Serbia still harbors war criminals
During the 1990’s, the United States led two separate NATO bombing campaigns to end Serbian war crimes in Kosovo and Bosnia. Current Serbian Prime Minister Aleksandar Vucic gave panache to the criminal politics in play then. His first official visit to Washington, D.C. next week should not sidestep his lack of action to resolve war crimes now.
“You kill one Serb and we will kill one hundred Muslims.”
This type of flamboyant rhetoric – made days after 8,000 men and boys were separated and slaughtered in Srbenica – catapulted Vucic’s political career. He was only 28 years old when he was named Yugoslav President Slobodan Milosevic’s Minister of Information during the ethnic cleansing campaign in Kosovo. He continued this extremist course for the next decade.
He’s also expressed genuine remorse for his advocacy of war crimes. He’s called Srbenica a “horrendous crime” that Serbs should be “ashamed” to be associated with. He has also supported efforts at regional reconciliation and truth through the RECOM initiative.
On war crimes accountability, however, Prime Minister Vucic’s actions betray his words. Victims and their families expect more.
For years, the Humanitarian Law Center, Human Rights Watch, Amnesty International, and the European Commission have all lamented that high-level suspects enjoy effective immunity in Serbia. Prime Minister Vucic is neither passive nor impotent in these regards. Two examples stand out.
When the Humanitarian Law Center accused the current Army Chief of Staff, Ljubisa Dikovic, of war crimes in Kosovo, Vucic lashed out before even reading the report, accusing the NGO of trying to “bring down” the army and country. Dikovic is accused of overseeing civilian massacres in Kosovo villages in April and May 1999, when he commanded the 37th Motorized Brigade of the Yugoslav Army.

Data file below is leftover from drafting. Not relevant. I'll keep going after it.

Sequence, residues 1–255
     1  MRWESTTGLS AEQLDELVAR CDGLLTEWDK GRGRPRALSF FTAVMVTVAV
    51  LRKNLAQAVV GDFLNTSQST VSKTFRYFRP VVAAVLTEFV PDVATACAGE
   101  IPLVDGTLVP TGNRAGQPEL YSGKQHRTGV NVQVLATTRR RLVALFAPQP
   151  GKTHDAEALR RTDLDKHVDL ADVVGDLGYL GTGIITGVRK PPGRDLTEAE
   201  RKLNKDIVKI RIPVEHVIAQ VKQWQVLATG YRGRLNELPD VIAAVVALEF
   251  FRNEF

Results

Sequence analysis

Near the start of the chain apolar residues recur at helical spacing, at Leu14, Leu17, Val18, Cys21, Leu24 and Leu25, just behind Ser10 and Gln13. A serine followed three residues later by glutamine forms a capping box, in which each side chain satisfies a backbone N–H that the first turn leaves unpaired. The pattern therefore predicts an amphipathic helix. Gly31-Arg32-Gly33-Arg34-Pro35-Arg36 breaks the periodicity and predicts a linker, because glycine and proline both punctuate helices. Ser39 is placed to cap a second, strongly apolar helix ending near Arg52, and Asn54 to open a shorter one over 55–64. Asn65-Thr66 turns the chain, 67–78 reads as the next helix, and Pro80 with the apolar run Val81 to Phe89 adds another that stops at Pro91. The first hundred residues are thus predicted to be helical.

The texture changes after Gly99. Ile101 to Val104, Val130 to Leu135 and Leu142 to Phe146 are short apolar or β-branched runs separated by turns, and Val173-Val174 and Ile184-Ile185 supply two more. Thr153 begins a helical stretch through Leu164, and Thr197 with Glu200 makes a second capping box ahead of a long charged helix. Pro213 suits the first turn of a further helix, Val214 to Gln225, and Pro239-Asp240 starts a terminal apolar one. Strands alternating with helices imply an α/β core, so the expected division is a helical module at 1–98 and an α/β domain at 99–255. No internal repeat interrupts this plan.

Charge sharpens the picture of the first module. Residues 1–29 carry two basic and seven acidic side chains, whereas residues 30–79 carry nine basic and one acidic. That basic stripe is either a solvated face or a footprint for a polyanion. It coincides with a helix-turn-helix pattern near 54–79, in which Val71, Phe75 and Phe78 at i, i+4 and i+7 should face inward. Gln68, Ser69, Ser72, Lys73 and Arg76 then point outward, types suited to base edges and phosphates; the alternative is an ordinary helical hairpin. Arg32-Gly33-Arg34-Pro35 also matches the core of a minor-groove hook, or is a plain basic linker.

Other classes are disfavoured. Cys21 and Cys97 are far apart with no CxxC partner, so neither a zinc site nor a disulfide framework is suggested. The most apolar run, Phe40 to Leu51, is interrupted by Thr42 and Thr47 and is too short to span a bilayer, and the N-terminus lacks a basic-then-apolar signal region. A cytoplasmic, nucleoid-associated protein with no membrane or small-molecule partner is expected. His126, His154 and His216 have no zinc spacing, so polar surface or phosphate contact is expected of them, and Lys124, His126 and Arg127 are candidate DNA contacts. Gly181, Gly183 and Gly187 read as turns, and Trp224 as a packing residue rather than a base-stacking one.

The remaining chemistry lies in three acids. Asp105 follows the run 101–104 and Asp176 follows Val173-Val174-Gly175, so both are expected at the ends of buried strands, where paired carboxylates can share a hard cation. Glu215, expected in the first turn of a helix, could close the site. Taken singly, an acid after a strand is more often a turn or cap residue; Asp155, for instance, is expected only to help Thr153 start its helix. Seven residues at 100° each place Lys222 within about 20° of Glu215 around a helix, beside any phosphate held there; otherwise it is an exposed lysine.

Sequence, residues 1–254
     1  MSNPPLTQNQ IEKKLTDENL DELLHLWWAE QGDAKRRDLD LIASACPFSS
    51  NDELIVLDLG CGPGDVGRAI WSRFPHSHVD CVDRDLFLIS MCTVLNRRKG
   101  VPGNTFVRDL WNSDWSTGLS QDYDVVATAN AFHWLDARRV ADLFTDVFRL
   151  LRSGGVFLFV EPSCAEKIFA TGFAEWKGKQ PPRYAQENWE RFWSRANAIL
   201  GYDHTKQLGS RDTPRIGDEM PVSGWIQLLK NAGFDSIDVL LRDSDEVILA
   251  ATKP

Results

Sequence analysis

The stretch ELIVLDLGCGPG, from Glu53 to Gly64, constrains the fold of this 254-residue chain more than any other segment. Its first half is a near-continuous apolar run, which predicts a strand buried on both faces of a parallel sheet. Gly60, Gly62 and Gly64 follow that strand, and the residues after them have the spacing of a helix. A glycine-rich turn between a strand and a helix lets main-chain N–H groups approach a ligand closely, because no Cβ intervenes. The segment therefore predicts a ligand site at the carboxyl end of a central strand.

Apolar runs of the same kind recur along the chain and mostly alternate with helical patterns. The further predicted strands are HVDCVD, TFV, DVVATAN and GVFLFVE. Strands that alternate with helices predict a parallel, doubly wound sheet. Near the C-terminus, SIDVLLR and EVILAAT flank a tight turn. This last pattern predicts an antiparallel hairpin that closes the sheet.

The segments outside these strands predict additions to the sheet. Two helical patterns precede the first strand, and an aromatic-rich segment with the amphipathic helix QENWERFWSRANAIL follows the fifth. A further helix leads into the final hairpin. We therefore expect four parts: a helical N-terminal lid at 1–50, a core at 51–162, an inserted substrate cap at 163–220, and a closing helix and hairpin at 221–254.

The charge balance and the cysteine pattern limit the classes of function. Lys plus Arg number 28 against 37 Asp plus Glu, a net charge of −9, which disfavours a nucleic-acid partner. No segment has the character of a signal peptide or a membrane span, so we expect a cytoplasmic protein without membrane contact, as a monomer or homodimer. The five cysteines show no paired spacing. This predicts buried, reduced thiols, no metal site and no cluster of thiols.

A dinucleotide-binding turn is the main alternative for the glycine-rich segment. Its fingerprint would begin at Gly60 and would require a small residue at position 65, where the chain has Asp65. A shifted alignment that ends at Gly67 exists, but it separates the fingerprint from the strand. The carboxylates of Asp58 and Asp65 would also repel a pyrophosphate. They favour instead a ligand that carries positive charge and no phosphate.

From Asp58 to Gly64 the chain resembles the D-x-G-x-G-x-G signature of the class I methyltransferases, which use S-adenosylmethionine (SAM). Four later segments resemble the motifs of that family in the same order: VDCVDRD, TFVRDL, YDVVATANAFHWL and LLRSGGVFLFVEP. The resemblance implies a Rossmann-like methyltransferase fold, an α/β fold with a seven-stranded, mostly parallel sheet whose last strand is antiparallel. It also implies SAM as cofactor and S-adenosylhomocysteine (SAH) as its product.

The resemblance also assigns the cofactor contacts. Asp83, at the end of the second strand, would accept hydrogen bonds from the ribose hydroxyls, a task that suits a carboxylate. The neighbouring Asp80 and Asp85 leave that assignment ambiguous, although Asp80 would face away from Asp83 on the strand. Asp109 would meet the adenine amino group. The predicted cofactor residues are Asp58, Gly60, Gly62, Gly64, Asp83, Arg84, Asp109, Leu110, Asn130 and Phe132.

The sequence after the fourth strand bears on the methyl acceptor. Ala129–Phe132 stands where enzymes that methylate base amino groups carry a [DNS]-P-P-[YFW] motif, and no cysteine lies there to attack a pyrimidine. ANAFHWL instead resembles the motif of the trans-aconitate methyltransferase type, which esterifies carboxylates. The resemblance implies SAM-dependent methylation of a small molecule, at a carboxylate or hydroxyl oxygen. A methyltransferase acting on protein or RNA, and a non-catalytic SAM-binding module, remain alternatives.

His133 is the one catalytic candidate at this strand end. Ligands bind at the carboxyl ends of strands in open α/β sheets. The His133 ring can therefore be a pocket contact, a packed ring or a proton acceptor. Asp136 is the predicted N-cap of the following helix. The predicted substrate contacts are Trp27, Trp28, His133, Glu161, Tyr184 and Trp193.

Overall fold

The Dikovic case should be of concern for the United States because of its close cooperation and assistance to the Serbian military. Given the allegations, continued assistance likely violates the Leahy Law, which prohibits the United States from providing military assistance to foreign military and security units that violate human rights with impunity. The United States provides roughly $3 million dollar per year in direct assistance to the Serbian military.
Prime Minister Vucic also harbors the main suspect in the war-crimes murders of three American citizens. Ylli, Agron, and Mehmet Bytyqi were kidnapped, executed, and dumped into a mass grave by Serbian officials in July 1999. Evidence indicates that the crimes were ordered from the highest-levels of the Yugoslav government and passed on through Goran “Guri” Radosaljevic.
Neither Dikovic nor Radosavljevic have been properly investigated by authorities. Their prominent positions give each a safe space to block investigations from taking seed. For example, leaked diplomatic cables show that Serbian prosecutors fear that Radosavljevic intimidates witnesses and interferes with the Bytyqi case.
On the other end, the Serbian government has done little to create a safe space for witnesses. Police and protection units are riddled with war veterans, who often threaten and intimidate the very witnesses that they are charged to defend and protect.
Vucic may be reformed, but he is not reformed enough. Having advocated for and defended war crimes for more than half of his public career, he has a special responsibility to cure their effects. As Prime Minister, he should not be giving safe harbor to individuals with clear connection with mass war crimes like Ljubisa Dikovic and Goran Radosavljevic. U.S. officials should not tiptoe around this issue.